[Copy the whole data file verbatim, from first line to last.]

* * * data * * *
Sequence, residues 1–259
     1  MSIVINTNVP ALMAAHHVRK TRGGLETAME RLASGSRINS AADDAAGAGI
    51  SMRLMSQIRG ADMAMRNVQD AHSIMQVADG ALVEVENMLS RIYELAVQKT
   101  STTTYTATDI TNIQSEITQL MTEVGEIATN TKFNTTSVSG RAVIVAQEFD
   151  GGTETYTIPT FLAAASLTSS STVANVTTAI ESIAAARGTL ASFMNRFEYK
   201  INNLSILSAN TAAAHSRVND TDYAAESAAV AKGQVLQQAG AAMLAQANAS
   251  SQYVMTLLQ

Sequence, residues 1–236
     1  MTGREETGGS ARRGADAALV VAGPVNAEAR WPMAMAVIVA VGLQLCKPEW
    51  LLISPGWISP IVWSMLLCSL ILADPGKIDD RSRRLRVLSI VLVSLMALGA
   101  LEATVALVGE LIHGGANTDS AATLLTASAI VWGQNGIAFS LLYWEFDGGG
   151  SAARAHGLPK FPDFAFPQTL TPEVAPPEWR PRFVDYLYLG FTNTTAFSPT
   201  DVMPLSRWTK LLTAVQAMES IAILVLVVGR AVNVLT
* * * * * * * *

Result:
Sequence, residues 1–259
     1  MSIVINTNVP ALMAAHHVRK TRGGLETAME RLASGSRINS AADDAAGAGI
    51  SMRLMSQIRG ADMAMRNVQD AHSIMQVADG ALVEVENMLS RIYELAVQKT
   101  STTTYTATDI TNIQSEITQL MTEVGEIATN TKFNTTSVSG RAVIVAQEFD
   151  GGTETYTIPT FLAAASLTSS STVANVTTAI ESIAAARGTL ASFMNRFEYK
   201  INNLSILSAN TAAAHSRVND TDYAAESAAV AKGQVLQQAG AAMLAQANAS
   251  SQYVMTLLQ

Sequence, residues 1–236
     1  MTGREETGGS ARRGADAALV VAGPVNAEAR WPMAMAVIVA VGLQLCKPEW
    51  LLISPGWISP IVWSMLLCSL ILADPGKIDD RSRRLRVLSI VLVSLMALGA
   101  LEATVALVGE LIHGGANTDS AATLLTASAI VWGQNGIAFS LLYWEFDGGG
   151  SAARAHGLPK FPDFAFPQTL TPEVAPPEWR PRFVDYLYLG FTNTTAFSPT
   201  DVMPLSRWTK LLTAVQAMES IAILVLVVGR AVNVLT